And then there are provisional sum items - items listed in the contract for possible additional work, such as excavation, where the builder cannot give an exact price of the work at the time of the signing of the contract, and can only make a reasonable estimate of the cost.

Where possible, owners are advised to not agree on provisional sum items as they can make the  final total cost higher.

Seek legal advice if you are asked to enter into, or are considering offering or entering a cost-plus contract (where the builder charges by the hour and you do not have a fixed price). Cost-plus contracts are only allowed for renovation projects worth over $1 million, and then only in very limited circumstances.

Documentation is king, and that applies for both owners and builders and it helps to make the project smoother but of course, assists potentially as well, both parties in the event of a dispute down the track.

In  cases where any or all of the above issues are causing concern of any kind, it is best to seek the advice of a professional advisor to help you navigate what can become a minefield.

Brandon Vigon

  • Very good all round advice Paul.

    The 2 things that worry me though, are:- 1. Only about half of the (implied) warranties of the builder are actually mentioned, and 2. Defect is not defined, which together with Item 1 serves to strip home owners of most of their rights in a dispute, as experienced negators exploit the grey areas left by the absence of these two vital components of fairness.

  • Thank you, Paul for your advice. I agree with Mark re the 'grey' areas and everything being open to 'interpretation'. One example is a 'defect' where it will be argued that the bricks are not seconds' bricks, the water leakage is minor, or the foundations have failed because of the owners' 'landscaping' after handover, etc.. Also under Australian Consumer Law, unfair contract terms are 'lawful' in contracts over $300,000. Hence the majority of building contracts, which have been written by and for the builder are inherently unfair to the owners because they are biased to favour the builder. As you say, there is little information for consumers – I think it is called information asymmetry – and most owners think they have some 'protection'. Also as the Victorian Ombudsman found in 2012 and the Victorian Auditor-General confirmed again in 2015, 'being 'registered' provides no consumer protection for owners entering into a building contract. 'Registration' does not mean that 'builders' have the skills or knowledge – or ethics for that matter – and in effect, this label offers no comfort whatsoever for owners.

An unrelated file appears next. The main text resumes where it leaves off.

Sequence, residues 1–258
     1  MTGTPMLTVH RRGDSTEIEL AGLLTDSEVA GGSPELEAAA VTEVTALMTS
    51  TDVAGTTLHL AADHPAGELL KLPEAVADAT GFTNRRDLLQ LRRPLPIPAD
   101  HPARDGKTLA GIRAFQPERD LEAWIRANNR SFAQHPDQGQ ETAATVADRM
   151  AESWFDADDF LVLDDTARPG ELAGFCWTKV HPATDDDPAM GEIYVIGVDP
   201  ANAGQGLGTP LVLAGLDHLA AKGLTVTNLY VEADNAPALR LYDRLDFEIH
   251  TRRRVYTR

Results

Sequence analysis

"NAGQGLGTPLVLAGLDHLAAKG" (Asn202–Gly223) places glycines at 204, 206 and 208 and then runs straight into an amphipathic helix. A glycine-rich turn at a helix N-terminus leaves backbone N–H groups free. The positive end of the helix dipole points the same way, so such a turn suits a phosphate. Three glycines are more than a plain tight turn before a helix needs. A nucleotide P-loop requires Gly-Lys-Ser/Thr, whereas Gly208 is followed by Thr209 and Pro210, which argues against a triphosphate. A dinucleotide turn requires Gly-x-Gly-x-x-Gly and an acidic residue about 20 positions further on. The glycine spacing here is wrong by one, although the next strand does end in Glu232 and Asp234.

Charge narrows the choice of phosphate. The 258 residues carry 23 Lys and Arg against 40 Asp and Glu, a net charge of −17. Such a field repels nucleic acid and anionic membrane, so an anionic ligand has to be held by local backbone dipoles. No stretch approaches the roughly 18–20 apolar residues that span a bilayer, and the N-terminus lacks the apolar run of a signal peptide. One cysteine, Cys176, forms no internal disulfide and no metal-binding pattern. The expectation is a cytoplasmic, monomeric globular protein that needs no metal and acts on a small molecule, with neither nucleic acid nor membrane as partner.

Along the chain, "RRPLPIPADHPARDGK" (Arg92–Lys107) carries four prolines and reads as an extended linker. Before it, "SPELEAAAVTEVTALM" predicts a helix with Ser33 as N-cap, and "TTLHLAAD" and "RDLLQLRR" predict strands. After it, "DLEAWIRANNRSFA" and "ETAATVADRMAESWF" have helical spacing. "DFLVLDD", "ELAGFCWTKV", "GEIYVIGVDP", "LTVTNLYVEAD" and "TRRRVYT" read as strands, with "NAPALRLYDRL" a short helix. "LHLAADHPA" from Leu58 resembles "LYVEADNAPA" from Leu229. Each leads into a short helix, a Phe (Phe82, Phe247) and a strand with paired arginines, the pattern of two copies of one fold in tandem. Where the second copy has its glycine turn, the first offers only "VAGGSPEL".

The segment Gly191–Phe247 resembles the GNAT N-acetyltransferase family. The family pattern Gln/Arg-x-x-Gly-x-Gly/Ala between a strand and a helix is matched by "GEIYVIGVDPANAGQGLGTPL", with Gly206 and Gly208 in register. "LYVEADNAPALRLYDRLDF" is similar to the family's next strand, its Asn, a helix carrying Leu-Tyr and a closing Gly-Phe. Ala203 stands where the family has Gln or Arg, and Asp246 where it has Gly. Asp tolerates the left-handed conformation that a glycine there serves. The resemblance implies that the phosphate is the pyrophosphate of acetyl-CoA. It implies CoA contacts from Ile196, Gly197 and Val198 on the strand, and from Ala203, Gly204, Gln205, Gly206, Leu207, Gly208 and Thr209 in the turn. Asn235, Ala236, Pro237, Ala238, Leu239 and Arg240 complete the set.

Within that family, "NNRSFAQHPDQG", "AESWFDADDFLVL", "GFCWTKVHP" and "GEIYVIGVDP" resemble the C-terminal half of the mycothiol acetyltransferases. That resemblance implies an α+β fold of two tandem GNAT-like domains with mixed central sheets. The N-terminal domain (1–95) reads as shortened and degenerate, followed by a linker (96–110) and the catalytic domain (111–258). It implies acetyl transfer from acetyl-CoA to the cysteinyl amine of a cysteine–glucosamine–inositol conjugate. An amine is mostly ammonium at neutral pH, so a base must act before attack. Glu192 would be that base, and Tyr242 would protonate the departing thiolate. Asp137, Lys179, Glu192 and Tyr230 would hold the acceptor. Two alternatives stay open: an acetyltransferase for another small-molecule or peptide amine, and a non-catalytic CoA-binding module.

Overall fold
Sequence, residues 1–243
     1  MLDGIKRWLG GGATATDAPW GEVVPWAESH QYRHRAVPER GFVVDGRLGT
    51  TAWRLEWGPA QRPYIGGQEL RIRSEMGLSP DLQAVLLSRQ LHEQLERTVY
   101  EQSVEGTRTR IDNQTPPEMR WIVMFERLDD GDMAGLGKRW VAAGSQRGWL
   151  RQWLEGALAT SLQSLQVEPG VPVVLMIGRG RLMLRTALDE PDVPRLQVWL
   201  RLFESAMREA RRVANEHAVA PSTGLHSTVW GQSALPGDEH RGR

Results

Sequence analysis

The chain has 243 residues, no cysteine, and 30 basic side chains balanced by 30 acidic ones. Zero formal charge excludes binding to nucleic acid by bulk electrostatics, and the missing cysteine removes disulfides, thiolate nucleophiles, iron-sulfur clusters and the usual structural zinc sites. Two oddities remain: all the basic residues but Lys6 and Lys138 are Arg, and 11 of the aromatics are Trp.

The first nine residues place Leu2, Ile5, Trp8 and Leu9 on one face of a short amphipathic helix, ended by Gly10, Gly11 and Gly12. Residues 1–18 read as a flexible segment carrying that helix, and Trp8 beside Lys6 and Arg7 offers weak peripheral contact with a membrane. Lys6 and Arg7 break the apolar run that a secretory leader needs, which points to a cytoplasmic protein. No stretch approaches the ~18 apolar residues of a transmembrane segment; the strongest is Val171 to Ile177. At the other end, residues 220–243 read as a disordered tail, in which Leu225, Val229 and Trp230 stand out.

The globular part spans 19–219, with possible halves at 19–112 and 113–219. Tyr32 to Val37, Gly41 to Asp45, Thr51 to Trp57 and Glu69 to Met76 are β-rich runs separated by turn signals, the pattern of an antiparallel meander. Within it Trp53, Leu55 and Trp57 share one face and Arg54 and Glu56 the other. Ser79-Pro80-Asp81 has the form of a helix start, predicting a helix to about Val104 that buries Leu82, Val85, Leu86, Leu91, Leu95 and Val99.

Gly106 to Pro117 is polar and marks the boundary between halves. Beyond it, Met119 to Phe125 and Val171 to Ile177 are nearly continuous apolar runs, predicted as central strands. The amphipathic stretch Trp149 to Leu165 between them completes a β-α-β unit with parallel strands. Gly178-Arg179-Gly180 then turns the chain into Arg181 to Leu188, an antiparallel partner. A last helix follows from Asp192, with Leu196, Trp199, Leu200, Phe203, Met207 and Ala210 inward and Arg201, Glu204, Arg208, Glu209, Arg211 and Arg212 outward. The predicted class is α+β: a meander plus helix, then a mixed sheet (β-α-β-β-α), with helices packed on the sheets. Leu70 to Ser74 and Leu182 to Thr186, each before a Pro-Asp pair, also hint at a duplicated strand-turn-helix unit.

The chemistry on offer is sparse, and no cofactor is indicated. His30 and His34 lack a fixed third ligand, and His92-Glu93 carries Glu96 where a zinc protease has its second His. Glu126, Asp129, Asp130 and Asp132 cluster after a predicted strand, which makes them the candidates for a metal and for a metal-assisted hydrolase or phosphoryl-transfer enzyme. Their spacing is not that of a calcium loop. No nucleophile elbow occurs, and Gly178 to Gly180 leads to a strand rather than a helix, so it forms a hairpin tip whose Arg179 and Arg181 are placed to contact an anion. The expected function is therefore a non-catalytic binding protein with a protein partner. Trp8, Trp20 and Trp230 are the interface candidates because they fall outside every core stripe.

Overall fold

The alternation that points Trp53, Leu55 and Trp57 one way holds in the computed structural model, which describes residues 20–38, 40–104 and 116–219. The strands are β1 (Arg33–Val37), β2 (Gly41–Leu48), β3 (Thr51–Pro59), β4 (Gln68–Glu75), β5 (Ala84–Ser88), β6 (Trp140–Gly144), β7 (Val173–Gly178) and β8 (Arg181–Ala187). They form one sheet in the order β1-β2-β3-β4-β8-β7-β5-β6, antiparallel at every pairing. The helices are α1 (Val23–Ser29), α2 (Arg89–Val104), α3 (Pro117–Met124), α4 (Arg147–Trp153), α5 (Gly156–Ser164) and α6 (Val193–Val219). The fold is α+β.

In reality, when a builder walks away leaving an incomplete and very defective building behind, commonly the owners find that the so-called 'warranties' are worthless. And as anyone who has been involved in a dispute will attest, rarely do the facts and documentary evidence matter. For example, the contract will stipulate that for 'Variations' the builder must obtain the owner's signed consent – except the builder can argue a case not to have done so. A 'rule' followed by the exception that enables the builder to ignore the 'rule'. Documentary evidence such as Notes from meetings and photos can also be twisted in the 'interpretation' to become whatever the builder's team of legal and building experts want to argue – called 'muddying the waters'. Sadly, often it is those with the right people to 'defend' what is clearly very bad building who manage to "get out of trouble" leaving the owners facing an enormous financial loss and much serious emotional, psychological and other detriment. The outcomes for many owners are devastating. Far too many never recover, their lives ruined forever and too many do not live through the disastrous experience, with anecdotal evidence highlighting the high incidence of heart attack, stroke, attempted suicide and suicide as a consequence of the long, protracted and damaging 'dispute' process.